With well over 2,000 buildings above 100m tall (compare that to New York, which has around 800), and an unmatched, dramatic penis-envy skyline that glows ablaze every night above Victoria Harbour, it almost seems too obvious to recommend taking in the famous Hong Kong skyline. Of course, it should be at the top of your agenda. But you may have some difficulty in choosing your preferred method.
There are a plethora of options: those with a penchant for observation decks could check out Sky100 (100/F, International Commerce Centre, 1 Austin Rd West, Kowloon. $29) in the city’s tallest building, the ICC, or Bruce Lee fans can combine skyline watching with some stargazing along Tsim Sha Tsui’s Avenue of the Stars (Waterfront, Tsim Sha Tsui. Free).
But you can’t really go wrong with the classic view – The Peak (Garden Rd, Central. $7). This soaring mount on Hong Kong island provides expansive views down upon the Hong Kong island skyline and across the Kowloon Peninsula and, if classic is what you’re after, you may also enjoy the traditional way up to the Peak – The Peak Tram, a 1.4km 19th century funicular which takes you to an elevation of around 500m.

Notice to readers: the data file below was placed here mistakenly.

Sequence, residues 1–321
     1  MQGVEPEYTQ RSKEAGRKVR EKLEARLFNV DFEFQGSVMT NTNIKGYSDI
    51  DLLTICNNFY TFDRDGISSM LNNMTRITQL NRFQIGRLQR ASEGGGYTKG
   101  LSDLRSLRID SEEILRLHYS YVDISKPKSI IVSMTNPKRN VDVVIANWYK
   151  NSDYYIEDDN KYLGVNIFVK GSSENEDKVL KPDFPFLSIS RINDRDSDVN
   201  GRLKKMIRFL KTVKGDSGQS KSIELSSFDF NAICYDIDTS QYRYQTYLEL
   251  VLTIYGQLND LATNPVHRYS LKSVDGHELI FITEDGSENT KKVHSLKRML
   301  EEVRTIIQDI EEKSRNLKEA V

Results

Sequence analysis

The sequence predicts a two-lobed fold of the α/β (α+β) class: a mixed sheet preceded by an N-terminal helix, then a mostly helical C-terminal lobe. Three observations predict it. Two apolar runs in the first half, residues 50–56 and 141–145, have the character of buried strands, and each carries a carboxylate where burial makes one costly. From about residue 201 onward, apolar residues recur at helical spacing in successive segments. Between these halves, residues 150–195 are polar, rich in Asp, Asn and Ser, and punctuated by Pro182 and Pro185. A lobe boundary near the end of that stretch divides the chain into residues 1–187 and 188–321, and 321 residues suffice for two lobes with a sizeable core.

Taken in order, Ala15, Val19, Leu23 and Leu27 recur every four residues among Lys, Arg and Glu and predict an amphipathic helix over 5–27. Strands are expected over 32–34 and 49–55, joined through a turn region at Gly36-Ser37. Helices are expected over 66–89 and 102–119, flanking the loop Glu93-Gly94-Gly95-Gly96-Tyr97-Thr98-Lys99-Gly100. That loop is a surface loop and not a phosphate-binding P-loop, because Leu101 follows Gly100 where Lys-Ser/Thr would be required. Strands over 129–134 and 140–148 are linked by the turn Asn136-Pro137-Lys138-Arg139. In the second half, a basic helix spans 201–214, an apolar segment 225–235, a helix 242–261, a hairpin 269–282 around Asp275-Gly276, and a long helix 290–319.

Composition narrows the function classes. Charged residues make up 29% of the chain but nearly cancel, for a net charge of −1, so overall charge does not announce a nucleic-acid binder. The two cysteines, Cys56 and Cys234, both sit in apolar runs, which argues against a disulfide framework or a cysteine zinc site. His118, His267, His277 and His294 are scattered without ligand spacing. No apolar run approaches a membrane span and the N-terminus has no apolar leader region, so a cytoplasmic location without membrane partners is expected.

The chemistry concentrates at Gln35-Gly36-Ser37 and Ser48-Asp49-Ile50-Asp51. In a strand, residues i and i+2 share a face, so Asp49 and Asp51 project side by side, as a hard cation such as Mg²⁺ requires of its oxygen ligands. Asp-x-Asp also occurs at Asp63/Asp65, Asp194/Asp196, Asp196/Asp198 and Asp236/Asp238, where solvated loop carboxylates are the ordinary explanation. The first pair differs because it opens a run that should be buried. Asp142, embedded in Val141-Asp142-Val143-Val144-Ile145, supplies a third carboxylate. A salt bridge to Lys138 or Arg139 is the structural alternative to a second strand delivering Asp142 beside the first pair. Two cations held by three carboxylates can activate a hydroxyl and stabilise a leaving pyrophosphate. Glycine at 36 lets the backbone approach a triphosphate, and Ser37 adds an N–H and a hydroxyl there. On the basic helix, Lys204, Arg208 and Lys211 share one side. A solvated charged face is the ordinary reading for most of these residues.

For a taste of the old Hong Kong, take a ride on the city’s old-school transportation. The Star Ferry (Central, Tsim Sha Tsui and Wan Chai ferry piers), an iconic service which began in 1888 and, at a mere $0.50 for a splendid, breezy trip between Central and Tsim Sha Tsui, remains at near 1888 prices. For its land counterpart, take a lazy ride aboard one of the city’s trams. Running across the northern strip of Hong Kong island, these double decker wonders are a reminder of the old colonial past – even without the historic second-class trailers, which used to carry Chinese passengers.
Even for those intimdated by the intensity of such an urban jungle, Hong Kong has plenty to offer. Most visitors don’t realise that more than 70 percent within Hong Kong’s borders is countryside, much of which is easily accessible. The Ngong Ping 360 (Tung Chung, Lantau Island. From $16.20) – a cable car which takes you to another must-see sight, the world’s largest seated bronze Buddha – is a good way to take it in. Or, perhaps, check out Tai O (Lantau Island), a remarkable town on stilts, just one of the charming traditional villages dotted around the HKSAR.